Aliases for KCNMA1 Gene
- Potassium Calcium-Activated Channel Subfamily M Alpha 1 2 3
- Potassium Channel, Calcium Activated Large Conductance Subfamily M Alpha, Member 1 2 3 5
- Potassium Large Conductance Calcium-Activated Channel, Subfamily M, Alpha Member 1 2 3
- Calcium-Activated Potassium Channel, Subfamily M Subunit Alpha-1 3 4
- Big Potassium Channel Alpha Subunit 2 3
- BK Channel Alpha Subunit 2 3
- Slowpoke Homolog 3 4
- Slo Homolog 3 4
- K(VCA)Alpha 3 4
- SLO-ALPHA 3 4
- KCa1.1 3 4
- MaxiK 3 4
- SLO1 3 4
- HSlo 3 4
External Ids for KCNMA1 Gene
Previous HGNC Symbols for KCNMA1 Gene
Previous GeneCards Identifiers for KCNMA1 Gene
MaxiK channels are large conductance, voltage and calcium-sensitive potassium channels which are fundamental to the control of smooth muscle tone and neuronal excitability. MaxiK channels can be formed by 2 subunits: the pore-forming alpha subunit, which is the product of this gene, and the modulatory beta subunit. Intracellular calcium regulates the physical association between the alpha and beta subunits. Alternatively spliced transcript variants encoding different isoforms have been identified. [provided by RefSeq, Jul 2008]
GeneCards Summary for KCNMA1 Gene
KCNMA1 (Potassium Calcium-Activated Channel Subfamily M Alpha 1) is a Protein Coding gene. Diseases associated with KCNMA1 include Generalized Epilepsy And Paroxysmal Dyskinesia and Vitreous Detachment. Among its related pathways are Transmission across Chemical Synapses and Potassium Channels. GO annotations related to this gene include actin binding and voltage-gated potassium channel activity. An important paralog of this gene is KCNU1.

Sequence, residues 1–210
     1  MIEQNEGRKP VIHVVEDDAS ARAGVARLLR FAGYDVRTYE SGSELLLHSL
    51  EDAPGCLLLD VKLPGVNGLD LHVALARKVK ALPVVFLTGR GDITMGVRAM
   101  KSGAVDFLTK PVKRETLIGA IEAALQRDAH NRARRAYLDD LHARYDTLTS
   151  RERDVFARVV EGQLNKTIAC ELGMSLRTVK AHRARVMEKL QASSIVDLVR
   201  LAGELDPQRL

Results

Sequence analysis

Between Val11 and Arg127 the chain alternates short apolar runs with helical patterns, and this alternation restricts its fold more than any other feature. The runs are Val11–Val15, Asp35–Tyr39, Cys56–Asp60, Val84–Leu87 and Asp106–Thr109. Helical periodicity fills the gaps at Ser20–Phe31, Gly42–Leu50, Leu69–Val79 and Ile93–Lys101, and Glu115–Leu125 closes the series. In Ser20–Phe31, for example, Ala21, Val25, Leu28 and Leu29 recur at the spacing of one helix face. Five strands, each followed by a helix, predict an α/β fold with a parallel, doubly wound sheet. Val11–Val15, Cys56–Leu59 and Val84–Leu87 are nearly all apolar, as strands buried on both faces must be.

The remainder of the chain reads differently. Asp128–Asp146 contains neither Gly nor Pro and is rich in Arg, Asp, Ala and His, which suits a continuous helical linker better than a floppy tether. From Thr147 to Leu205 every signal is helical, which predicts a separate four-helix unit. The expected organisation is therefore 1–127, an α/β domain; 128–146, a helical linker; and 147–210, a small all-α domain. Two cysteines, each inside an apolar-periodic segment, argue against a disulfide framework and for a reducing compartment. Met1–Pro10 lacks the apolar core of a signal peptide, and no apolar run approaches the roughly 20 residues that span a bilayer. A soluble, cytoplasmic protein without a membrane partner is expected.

UniProtKB/Swiss-Prot for KCNMA1 Gene
Potassium channel activated by both membrane depolarization or increase in cytosolic Ca(2+) that mediates export of K(+). It is also activated by the concentration of cytosolic Mg(2+). Its activation dampens the excitatory events that elevate the cytosolic Ca(2+) concentration and/or depolarize the cell membrane. It therefore contributes to repolarization of the membrane potential. Plays a key role in controlling excitability in a number of systems, such as regulation of the contraction of smooth muscle, the tuning of hair cells in the cochlea, regulation of transmitter release, and innate immunity. In smooth muscles, its activation by high level of Ca(2+), caused by ryanodine receptors in the sarcoplasmic reticulum, regulates the membrane potential. In cochlea cells, its number and kinetic properties partly determine the characteristic frequency of each hair cell and thereby helps to establish a tonotopic map. Kinetics of KCNMA1 channels are determined by alternative splicing, phosphorylation status and its combination with modulating beta subunits. Highly sensitive to both iberiotoxin (IbTx) and charybdotoxin (CTX).
Calcium (Ca2+) -activated potassium channels (KCa) are a group of 6/7-TM ion channels that selectively transport K+ ions across biological membranes. They are broadly classified into three subtypes: SK, IK and BK channels (small, intermediate and big conductance).